Friday, January 31, 2014

Let’s Talk About Service - The Heavy Equipment Edition

How well do you know your dealers’ service drive?
  • How many units in operation are retained by each dealer?
  • What are customer pay sales for parts and labor per repair order or UIO?
  • How satisfied are your customers?
  • How productive is your service drive?
  • How effective is your service drive marketing?
Based on a recent Heavy Equipment Service Focus Day, it seems that the answer to many of these questions is “I don’t know, but I sure would love to” – at least for five Heavy Equipment OEMs who took the first step toward a North America Heavy Equipment Service Benchmark.


We looked at which key service drive metrics would have the greatest impact, and how hard the data would be to collect. As you’ll see below, a key challenge is the lack of accurate Unit-in-Operation data and UIO-to-owner linkage. And that’s only one piece of the puzzle. Here’s a quick overview of the metrics discussed:


Let’s take a step back. For the last five years, Carlisle’s North America Service Benchmark (NASB) has been an extraordinary forum for automobile OEMs to:
  • Promote continuous improvement in Service Operations. By benchmarking leading industry practices, the participants develop unique insights, and they also create action-oriented benchmark metrics to measure and improve company performance. When industry peers get together this way, they can solve tough day-to-day problems.
  • Increase the effectiveness of their retail service channel to better compete against the independent aftermarket.
  • Identify opportunities to improve and grow the business;, which will make dealers and OEMs more profitable.
This year’s session identified 925 unique metrics across categories such as customer retention, sales, satisfaction, capacity, marketing, quality, and productivity. We focused on the threat chains pose, and how to utilize maintenance plans and package pricing as a competitive advantage.


Apart from the NASB, Carlisle has conducted surveys (in both the automotive and heavy truck segments) to learn more about service technicians and service advisors. We launched MyGuy, a website that puts our research into the hands of service advisors and OEMs, and showcases how best practices at the dealership relate to market share. The website contains tips from top-performing dealers, focus group clips to highlight the customer’s voice, as well as a weekly blog to synthesize our findings.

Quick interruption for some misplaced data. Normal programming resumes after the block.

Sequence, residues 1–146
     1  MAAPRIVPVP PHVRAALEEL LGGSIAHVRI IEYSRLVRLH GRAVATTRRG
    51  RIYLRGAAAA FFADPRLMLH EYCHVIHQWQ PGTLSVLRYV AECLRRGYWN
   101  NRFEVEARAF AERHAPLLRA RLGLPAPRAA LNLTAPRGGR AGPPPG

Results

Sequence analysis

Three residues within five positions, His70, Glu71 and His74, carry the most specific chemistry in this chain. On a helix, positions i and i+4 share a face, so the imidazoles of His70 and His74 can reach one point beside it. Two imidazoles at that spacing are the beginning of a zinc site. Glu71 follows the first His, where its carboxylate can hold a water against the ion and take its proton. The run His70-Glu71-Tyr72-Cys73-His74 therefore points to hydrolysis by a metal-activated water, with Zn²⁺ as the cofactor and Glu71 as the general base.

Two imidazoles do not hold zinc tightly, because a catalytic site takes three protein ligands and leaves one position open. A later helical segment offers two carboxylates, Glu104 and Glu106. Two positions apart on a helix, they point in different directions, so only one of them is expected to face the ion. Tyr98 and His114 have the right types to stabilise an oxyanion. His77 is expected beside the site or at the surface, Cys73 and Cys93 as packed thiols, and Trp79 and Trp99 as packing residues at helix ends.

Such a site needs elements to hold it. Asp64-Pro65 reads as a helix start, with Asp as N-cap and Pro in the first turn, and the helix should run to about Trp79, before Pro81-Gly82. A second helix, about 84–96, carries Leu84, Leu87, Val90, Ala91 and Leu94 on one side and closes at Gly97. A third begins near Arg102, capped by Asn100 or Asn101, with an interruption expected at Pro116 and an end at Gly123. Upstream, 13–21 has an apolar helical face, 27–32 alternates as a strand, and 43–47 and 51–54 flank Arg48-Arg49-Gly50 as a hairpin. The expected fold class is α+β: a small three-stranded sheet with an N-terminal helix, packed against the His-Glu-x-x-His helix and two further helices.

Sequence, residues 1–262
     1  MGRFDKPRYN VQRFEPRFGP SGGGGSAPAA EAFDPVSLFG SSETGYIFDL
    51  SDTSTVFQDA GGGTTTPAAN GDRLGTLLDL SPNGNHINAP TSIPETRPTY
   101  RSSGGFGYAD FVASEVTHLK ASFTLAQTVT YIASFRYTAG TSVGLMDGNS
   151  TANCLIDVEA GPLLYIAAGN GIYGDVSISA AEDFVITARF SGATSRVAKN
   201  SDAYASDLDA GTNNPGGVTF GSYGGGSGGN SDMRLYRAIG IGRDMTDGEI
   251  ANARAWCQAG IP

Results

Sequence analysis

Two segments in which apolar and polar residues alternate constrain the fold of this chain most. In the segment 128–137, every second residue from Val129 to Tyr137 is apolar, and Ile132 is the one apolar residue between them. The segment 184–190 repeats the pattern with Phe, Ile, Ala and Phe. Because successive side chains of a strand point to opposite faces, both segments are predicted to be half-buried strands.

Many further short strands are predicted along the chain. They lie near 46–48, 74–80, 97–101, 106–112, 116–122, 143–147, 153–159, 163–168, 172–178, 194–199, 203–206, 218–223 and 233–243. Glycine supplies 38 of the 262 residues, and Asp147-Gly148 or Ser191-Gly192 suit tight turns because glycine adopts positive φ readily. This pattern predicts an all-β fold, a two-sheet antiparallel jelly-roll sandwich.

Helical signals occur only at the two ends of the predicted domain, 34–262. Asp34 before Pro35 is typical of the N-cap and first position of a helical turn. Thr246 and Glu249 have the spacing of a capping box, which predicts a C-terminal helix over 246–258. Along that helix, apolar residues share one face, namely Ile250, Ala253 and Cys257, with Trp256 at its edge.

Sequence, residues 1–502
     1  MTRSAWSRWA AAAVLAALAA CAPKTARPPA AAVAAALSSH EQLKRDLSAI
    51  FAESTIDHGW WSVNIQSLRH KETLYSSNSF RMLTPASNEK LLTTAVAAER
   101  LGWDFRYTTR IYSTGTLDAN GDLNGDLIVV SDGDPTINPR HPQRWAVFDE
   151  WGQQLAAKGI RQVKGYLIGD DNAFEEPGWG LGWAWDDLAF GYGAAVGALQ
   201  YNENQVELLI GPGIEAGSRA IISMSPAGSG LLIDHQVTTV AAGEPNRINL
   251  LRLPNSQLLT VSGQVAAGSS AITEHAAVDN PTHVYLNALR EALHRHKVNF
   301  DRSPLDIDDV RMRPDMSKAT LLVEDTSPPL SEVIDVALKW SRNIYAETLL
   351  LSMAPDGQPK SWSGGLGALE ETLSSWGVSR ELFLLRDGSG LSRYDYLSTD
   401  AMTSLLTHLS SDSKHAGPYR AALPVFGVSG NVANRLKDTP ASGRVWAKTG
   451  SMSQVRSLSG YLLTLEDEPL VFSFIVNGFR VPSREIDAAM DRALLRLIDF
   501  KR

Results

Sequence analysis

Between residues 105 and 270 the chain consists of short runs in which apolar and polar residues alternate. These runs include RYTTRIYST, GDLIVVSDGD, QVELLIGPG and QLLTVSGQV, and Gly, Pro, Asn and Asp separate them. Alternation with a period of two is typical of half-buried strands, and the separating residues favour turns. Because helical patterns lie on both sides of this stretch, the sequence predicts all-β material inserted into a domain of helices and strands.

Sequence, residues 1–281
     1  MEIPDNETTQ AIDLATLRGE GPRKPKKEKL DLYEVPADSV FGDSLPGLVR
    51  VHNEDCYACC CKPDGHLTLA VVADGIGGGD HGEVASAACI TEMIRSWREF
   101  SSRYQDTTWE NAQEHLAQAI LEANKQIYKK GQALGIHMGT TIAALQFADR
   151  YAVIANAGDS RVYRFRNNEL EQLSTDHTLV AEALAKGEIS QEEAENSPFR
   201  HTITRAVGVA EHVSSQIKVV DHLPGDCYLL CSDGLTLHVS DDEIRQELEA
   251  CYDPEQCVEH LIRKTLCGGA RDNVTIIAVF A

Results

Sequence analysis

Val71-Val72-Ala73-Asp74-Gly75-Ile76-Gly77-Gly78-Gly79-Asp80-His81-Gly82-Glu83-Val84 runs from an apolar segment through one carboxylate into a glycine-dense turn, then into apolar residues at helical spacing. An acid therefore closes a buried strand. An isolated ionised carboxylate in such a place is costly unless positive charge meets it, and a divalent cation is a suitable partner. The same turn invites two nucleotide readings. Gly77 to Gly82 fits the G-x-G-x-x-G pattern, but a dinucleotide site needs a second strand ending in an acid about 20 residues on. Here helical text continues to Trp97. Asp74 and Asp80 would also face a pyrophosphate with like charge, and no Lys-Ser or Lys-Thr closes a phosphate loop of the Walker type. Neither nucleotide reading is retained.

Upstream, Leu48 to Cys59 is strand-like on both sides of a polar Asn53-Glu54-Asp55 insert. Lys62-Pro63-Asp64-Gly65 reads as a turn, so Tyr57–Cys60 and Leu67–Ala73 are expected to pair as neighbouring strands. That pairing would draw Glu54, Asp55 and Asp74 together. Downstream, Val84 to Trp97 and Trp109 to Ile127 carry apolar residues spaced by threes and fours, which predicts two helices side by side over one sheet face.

Speaking of which, how well do you know your technicians and service advisors/writers – you know, those people who are your customers’ main point of contact?
  • What’s their average age?
  • What percentage is male vs. female?
  • What’s their educational and professional background?
  • Are they certified and if so, to what level?
  • How long have they been with your dealers?
  • Do you provide role profiles and/or recruiting support to help your dealers get and retain the right people?


The picture we got in Chicago when five OEMs from both the agriculture and construction industries met was pretty bleak – only a couple of these OEMs tracked any attributes of their service advisors/writers or technicians. If we don’t know them, can we be confident that our customers experience the service we want them to have?


I doubt it.


Our participants doubted it too.


So, what can we do as an industry? For one thing, we can get smart about our service drive: What do we measure to assess success? How can we get the data? What can we discover from the work that’s already been done in the automotive and heavy truck industries? What topics move our industry? Which topics should we discuss in a collaborative forum? How can we give our customers the service drive they expect and deserve? Here’s what we learned in Chicago:
  1. The participants have an appetite to learn more about the Heavy Equipment-specific data and challenges in the service drive.
  2. Getting this data might not be easy or quick or perfect, for that matter, the first time around.
  3. This is why we should start now – as a group that will grow and learn and benefit from this effort together.